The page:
Author | Editor: Astorino-Courtois, A. (NSI, Inc).
The SME contributors to this SMA Reach-back write-up argue that the recent changes in Turkish security policy (e.g., pursuit of ISIL along with the PKK; relaxing of demands for Assad’s removal; warming relations with Russia, etc.) do not necessarily indicate that Turkey’s key interests and intentions have changed. Rather, the shifts should be seen as changes in objectives or tactics that are still thoroughly consistent with Turkey’s fundamental and enduring security interests: 1) containing and ultimately eliminating Kurdish or other threats to Turkey’s internal stability; and, 2) foiling Kurdish (or others’) ambitions that threaten the integrity of Turkey’s borders. Former Principal Deputy Director of National Intelligence David Gompert (USNA, Rand) explains that recognizing Turkey’s dire concern with territorial integrity goes a long way in clarifying what may at first blush appear to be inconsistent policies regarding Assad, Syria, ISIL and even its “traditional enmity” toward Russia. Gompert expresses the message clearly: “…we can count on the Turks to do whatever it takes to prevent Kurdish states on their southern border.”
While most SMEs focused on Turkish threat perceptions and the Turkey—Kurd/PKK conflict as a key motivator of Turkey’s actions in Syria and Iraq, Portland State University Turkey scholar Dr. Birol Yesilada argues that Turkey’s security policy and actions cannot be fully understood without including President Erdogan’s personal political ambitions and domestic political considerations as critical motivators of state behavior. According to Yesilada, President Erdogan is using operations in Iraq and Syria to demonstrate his government’s strength and ability to provide security to Turks in order to advance his domestic political agenda. Erdogan’s ultimate goal is to gain the backing to change Turkey’s constitution to support establishment of his “Turkish-style Presidency” – a highly centralized, some say oligarchic or dictatorial, Islamist regime. (It is interesting to note that to date, Erdogan’s movements and plans for his “Turkish- style” leadership mirror those Vladimir Putin followed to centralize political power in Russia into his hands.)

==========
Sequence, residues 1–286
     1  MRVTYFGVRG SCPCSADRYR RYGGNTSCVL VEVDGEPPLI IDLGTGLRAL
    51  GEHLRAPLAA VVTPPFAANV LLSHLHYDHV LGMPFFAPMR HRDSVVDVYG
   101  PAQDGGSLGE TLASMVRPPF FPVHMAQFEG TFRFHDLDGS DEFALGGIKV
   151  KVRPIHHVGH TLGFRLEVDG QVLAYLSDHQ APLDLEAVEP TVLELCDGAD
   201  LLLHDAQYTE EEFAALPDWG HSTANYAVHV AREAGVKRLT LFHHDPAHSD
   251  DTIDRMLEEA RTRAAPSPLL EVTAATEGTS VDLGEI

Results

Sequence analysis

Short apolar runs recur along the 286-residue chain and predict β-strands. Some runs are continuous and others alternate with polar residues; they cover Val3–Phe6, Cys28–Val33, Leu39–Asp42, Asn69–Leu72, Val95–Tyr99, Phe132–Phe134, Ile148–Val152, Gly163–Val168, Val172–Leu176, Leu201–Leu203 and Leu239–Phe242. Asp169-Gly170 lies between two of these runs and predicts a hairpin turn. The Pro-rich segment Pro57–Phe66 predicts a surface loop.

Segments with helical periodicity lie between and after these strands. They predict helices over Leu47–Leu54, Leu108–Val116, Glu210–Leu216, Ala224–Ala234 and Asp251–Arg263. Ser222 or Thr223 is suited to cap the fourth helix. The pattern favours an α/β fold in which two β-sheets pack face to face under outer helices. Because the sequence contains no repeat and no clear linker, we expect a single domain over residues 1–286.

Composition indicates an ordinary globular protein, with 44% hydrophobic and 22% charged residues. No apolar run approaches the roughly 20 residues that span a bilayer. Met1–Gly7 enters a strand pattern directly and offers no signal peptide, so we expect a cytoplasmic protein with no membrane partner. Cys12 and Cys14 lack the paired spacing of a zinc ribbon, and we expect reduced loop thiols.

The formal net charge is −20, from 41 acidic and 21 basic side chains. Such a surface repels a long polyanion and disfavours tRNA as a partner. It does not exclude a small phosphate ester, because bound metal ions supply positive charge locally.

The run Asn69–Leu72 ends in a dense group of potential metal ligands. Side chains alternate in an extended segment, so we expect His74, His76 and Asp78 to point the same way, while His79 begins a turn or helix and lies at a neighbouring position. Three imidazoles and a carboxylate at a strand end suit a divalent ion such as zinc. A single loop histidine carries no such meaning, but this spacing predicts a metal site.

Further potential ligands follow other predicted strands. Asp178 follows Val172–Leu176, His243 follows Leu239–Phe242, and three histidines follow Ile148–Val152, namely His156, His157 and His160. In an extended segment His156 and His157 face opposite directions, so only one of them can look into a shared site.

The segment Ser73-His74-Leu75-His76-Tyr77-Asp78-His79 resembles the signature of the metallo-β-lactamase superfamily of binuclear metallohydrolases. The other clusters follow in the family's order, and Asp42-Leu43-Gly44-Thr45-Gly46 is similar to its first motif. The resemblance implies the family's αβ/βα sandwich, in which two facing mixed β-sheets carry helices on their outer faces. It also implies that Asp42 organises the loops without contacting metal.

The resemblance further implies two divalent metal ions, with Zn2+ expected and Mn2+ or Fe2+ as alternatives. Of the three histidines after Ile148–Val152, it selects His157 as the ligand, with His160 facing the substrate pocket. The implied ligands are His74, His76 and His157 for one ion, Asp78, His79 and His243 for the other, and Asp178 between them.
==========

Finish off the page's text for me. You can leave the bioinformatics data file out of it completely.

The SME contributors to this write-up provided a number of truly expert and comprehensive essays on Turkey’s short and longer- term objectives in northern Syria and Iraq. Although not always mentioned in this context, as shown in the summary graphic, each objective has a clear and direct link to the two security internal territorial integrity) and/or Erdogan’s domestic political interest.
Defeating terrorism against the Turkish state has generally meant the PKK in Turkey and Iraq and PYD/YPG in Syria, although once ISIL fighters brought the fight into Turkey, Ankara has expanded the focus of its efforts to include the Islamic State. The question of the impact on Turkey’s security policy of Erdogan’s bid ultimately to change Turkey’s Constitution is a compelling and difficult to isolate. However, Professor Yesilada (Portland State) cites polls that show the political benefit Erdogan gains from these efforts: “91% of Turks support Erdogan’s anti-terror campaign inside the country and 78% support his military intervention in Syria and Iraq (esp. re Mosul) and 88% view his security policies favorably.”
Containing Kurdish political and territorial gains and obstructing activities that might by design or inadvertently lead to an autonomous Kurdish entity on Turkey’s border, are critical Turkish objectives in northern Syria. Many experts see Turkey’s pursuit of Operation Euphrates Shield as motivated by the desire to carve out a buffer zone in northern Syria and drive a solid wedge between Kurdish-controlled territory to the east and west to thwart emergence of a contiguous Kurdish region in northern Syria, that from its perspective would threaten both Turkey’s internal stability and potentially control over its own territory.